Reasearch and Reports

March 08, 1989 1 min read

Students who follow the “traditional” postsecondary track--four years of full-time college enrollment immediately after high school--are five times more likely than others to attain a bachelor’s degree, a new study by the U.S. Education Department indicates.

But only about one-sixth of all high-school graduates take the traditional path, according to the study.

The analysis was based on surveys of a group of 1980 high-school graduates, of whom slightly more than one-quarter immediately entered four-year colleges on a full-time basis. Of those, over half eventually earned degrees, the study found.

By contrast, fewer than 1 in 10 of the 40 percent of graduates who either entered two-year institutions, or attended on a part-time basis, or delayed entry subsequently earned bachelor’s degrees, it determined.

The study also suggested that students who interrupt their studies before obtaining a degree are less likely to resume them successfully. Over all, it concluded, 28 percent of all students, 14 percent of blacks, and 16 percent of Hispanics who “left the persistence track” subsequently attained bachelor’s degrees.

Students who transfer from one four-year institution to another, though, are more likely than others to earn a degree, it points out.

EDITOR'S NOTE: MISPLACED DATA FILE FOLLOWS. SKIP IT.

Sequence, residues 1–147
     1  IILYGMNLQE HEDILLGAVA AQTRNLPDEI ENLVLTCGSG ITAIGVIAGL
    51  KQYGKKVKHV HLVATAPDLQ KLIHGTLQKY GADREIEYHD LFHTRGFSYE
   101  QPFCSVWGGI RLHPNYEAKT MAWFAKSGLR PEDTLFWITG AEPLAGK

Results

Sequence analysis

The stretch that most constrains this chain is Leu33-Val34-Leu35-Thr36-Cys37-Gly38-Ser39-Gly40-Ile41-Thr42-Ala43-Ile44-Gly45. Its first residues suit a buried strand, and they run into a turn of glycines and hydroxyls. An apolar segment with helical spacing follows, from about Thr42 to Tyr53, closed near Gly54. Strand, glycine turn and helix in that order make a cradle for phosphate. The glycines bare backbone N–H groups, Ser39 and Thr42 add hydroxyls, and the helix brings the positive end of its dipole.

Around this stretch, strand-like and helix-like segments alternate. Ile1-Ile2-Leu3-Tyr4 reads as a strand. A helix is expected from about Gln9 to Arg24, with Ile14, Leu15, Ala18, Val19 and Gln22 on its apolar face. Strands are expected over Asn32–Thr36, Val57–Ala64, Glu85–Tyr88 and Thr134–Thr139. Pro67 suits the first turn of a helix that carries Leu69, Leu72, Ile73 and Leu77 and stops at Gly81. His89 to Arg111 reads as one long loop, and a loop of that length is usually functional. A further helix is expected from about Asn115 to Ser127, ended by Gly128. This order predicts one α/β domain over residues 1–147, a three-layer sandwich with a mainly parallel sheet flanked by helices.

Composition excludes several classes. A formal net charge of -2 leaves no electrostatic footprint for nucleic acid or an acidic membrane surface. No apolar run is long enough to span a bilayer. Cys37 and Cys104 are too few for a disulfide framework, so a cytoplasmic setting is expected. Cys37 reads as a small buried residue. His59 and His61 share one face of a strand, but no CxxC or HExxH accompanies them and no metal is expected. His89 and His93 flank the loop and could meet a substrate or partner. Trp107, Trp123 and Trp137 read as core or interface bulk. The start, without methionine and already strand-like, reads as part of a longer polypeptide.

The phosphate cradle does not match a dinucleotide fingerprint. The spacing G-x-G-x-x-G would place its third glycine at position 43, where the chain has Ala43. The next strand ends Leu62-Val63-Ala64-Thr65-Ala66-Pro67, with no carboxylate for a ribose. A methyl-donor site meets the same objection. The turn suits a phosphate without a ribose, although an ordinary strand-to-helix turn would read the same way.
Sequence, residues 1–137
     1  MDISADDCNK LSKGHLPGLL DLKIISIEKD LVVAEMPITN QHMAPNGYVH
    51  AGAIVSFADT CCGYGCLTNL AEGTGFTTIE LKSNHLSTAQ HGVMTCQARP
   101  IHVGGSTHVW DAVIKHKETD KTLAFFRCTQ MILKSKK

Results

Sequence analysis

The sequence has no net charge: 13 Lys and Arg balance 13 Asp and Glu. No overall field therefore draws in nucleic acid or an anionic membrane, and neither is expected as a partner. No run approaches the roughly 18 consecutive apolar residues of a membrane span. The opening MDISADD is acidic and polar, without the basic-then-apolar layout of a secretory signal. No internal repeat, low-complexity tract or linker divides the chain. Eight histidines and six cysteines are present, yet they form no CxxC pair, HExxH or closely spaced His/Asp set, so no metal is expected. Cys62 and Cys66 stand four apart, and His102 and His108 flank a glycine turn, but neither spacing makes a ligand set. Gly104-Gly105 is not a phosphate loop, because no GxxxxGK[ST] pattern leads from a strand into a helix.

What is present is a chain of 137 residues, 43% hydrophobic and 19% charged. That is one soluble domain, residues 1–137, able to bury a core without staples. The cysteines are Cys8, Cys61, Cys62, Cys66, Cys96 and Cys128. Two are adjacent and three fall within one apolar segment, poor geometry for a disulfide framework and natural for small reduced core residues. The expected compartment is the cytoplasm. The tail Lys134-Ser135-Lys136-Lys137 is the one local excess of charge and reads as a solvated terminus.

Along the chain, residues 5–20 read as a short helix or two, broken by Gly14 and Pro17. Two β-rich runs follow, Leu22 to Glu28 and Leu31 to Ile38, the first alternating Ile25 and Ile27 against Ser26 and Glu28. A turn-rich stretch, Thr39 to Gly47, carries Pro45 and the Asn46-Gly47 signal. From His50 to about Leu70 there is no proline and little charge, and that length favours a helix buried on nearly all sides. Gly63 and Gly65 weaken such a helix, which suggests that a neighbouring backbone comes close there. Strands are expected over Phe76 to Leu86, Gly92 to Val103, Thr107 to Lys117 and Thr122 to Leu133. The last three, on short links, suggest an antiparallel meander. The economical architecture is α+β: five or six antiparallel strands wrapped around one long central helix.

The findings, the report states, “should result in better decisions by high-school seniors.”

Copies of “College Persistence and Degree Attainment for 1980 High-School Graduates: Hazards for Transfers, Stopouts, and Part-Timers” (CS 89-302) are available for $4.25 each from the Office of Educational Research and Improvement, (202) 357-6651.

Now that the first wave of school reform has passed, policymakers must move on to a more fundamental restructuring of public education, according to a study published by the Education Commission of the States.

William Chance, author of the 1986 ecs study, "... the best of educations,” argues in the new report that state leaders may have been too optimistic about how fast they would be able to bring about improvements in the schools through changes in laws and regulations.

The report also includes a roundup of reform activity since 1983 in 10 states.

Copies of “School Reform in 10 States” (SR 89-1) are available for $8.50 each from the ecs Distribution Center, 1860 Lincoln St., Denver, Colo. 80295; (303) 830-3692.

A version of this article appeared in the March 08, 1989 edition of Education Week as Reasearch and Reports